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Is the Chicken Farming Business for You? | Organic Gardening 365
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Is the Chicken Farming Business for You?

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Chickens at Camps Road Farm

Are you thinking about raising chickens as a business? Or perhaps starting your own organic vegetable farm?

Then you need to know about John Suscovich.  But let me tell you, if you get him talking about chickens and farming and such, you’ll quickly see his passion for where our food comes from and how we care for the land rise up and envelop you in his broad smile and friendly manner.

During the last week of January, I visited John, the owner of FoodCyclist Farm in Kent, Connecticut, who has recently joined forces with Camps Road Farm to provide their growing customer base with pasture-raised chicken and eggs as well as vegetables during the normal growing season, of course, but he’s also developing a winter vegetable CSA program. Egg production is year-round. And he’ll have vegetables during the regular growing season as well.

He gave me a quick tour of the farm in his little electric vehicle which is charged by solar panels. We drove up the snowy hillside to get an overview. Completely blanketed in snow, the farm seemed asleep, waiting for spring. Then we checked in on some winter veggies growing in one of the greenhouses on site. We sampled arugula, mache, claytonia, red leaf spinach and more. The pink radishes were so crisp, succulent, and sweet I could hardly believe I was eating a radish.

Here are just a few of the winter crops John is growing:

IMG_3773 IMG_3774 IMG_3775

John Suscovich in winter greenhouse

You’ll notice the raised beds in the greenhouse. Unfortunately, before John arrived as Farm Manager, someone had convinced the owners to put in a gravel base, like you would in a nursery selling bedding plants. Ideally, in a winter greenhouse, you want to grow your greens in the ground to help retain any warmth from the soil that you can. This spring he will build out the rest of the raised beds in the greenhouse. Growing things in pots is not very efficient.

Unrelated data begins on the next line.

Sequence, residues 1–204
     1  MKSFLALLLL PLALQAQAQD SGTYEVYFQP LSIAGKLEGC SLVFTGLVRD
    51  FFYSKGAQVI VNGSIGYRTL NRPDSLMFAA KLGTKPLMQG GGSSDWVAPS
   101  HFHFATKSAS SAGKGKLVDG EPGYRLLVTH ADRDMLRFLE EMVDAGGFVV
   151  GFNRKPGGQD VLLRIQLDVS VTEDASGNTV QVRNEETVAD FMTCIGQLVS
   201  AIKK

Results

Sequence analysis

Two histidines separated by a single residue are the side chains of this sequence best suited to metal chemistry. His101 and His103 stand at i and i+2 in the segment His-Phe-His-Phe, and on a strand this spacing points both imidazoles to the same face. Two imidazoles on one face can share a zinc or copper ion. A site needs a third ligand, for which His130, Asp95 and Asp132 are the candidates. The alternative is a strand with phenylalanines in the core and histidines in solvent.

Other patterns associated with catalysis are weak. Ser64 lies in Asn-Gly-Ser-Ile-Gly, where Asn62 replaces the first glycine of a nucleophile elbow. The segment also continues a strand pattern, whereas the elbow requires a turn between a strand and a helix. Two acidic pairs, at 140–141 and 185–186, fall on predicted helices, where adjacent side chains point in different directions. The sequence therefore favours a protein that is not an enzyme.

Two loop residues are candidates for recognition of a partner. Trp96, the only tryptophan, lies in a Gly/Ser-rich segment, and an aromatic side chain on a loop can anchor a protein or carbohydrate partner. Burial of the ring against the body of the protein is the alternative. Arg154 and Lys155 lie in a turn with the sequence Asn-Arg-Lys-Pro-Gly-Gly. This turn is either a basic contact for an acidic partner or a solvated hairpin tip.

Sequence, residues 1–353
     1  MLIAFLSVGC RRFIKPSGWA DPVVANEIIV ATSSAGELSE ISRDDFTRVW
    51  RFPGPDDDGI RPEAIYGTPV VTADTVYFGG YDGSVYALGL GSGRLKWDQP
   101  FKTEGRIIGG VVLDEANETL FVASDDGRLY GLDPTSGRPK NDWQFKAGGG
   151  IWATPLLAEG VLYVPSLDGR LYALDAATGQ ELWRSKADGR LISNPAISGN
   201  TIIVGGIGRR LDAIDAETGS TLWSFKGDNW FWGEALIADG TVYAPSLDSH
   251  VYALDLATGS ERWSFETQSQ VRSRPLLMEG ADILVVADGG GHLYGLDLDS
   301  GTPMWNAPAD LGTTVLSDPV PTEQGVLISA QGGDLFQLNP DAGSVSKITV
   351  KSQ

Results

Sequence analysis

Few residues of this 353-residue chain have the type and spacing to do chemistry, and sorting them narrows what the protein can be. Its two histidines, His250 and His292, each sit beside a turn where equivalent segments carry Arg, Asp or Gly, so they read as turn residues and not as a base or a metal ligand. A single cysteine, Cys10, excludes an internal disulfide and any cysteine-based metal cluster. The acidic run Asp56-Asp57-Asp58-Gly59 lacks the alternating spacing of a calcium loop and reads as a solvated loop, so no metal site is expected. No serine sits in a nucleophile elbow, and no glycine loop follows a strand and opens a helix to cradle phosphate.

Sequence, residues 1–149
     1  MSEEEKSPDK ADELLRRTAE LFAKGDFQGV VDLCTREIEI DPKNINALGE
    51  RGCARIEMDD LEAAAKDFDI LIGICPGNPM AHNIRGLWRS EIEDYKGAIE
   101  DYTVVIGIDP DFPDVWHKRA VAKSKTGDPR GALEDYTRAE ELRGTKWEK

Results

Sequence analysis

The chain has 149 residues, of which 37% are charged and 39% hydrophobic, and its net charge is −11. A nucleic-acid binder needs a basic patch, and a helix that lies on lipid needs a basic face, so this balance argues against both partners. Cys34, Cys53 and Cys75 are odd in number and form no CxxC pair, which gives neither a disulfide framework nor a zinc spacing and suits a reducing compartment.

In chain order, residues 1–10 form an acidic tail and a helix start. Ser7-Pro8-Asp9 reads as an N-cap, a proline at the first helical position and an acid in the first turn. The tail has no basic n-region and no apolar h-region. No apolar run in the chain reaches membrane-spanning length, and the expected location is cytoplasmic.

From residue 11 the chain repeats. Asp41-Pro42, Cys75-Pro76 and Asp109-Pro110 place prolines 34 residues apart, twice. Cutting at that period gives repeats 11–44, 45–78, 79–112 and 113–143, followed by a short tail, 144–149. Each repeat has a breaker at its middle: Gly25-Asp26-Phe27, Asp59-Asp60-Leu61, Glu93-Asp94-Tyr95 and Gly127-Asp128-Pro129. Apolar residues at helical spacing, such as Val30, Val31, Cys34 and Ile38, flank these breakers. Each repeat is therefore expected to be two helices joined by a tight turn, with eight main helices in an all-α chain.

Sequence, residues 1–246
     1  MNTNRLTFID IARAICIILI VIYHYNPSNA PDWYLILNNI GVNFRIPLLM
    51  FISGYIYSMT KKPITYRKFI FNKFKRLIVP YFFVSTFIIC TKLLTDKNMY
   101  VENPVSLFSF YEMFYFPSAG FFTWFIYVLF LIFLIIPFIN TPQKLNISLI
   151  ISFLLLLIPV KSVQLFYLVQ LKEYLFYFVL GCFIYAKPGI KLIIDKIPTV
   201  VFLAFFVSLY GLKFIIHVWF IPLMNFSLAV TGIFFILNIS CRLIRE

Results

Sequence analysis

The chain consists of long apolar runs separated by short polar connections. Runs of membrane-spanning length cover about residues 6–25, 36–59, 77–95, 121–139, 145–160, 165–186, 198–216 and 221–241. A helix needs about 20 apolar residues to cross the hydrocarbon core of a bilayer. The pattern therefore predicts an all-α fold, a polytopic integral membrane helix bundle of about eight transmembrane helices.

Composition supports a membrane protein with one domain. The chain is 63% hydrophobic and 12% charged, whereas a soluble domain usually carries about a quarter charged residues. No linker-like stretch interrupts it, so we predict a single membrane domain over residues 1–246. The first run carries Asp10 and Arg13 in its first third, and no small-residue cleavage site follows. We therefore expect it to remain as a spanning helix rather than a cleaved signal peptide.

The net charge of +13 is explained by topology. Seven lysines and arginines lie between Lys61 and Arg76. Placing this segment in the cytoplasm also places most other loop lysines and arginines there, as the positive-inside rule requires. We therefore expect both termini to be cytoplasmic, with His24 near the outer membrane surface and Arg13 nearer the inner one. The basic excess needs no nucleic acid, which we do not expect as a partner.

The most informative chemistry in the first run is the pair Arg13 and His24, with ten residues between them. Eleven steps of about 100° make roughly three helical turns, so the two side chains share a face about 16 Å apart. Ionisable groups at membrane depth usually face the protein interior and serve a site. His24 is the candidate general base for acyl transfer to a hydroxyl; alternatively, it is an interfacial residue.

Solar tubes to heat water

Solar tubes to heat water

He plans to remove the propane heater (very expensive) and experiment with coils of water under the beds heated by solar tubes. The farm owners are pretty tech savvy and willing to innovate.

How many eggs today?

John collects the eggs twice a day and meticulously keeps track of production. He knows how many eggs came from which coup; there are three with a fourth soon to have hens old enough to lay. We collected 49 eggs the morning I was there. In late afternoon, he would collect again. See the chart with his totals. Some days there are more, some less. There are so many factors, like temperature, age of hens, stress caused by predators, etc, that it’s hard to pinpoint why some days there are more eggs than others.

Egg collection chart

Egg collection chart

I must say, these were pretty contented looking chickens. Even on this cold January day, the hens were in and out of their coups pecking the dirt (and occasionally at each other, no surprise there). They are fed certified organic, non-GMO feed. And based on the feedback of satisfied customers, the eggs are the best in the area.

Chickens in winter

New on the scene

Camps Road Farm is relatively new on the scene in Connecticut and the owners have big plans. There’s a large field of hops planted in the last year or two for their on-site brewery. Also recently planted is an organic apple orchard which will supply their distillery. And there are large banks of solar panels to provide electricity and heat the water for much of these processes.

Across the country, there is a growing demand for organic fruits and vegetables as well as pasture-raised chickens and eggs. Lots of people are raising a few hens in their back yards to put eggs on their own tables. But there’s an increasing number of small farmers who have decided to raise chickens and eggs as well as vegetables for the market place. And some of them are getting pretty innovative in the way they do it. John Suscovich is one of them.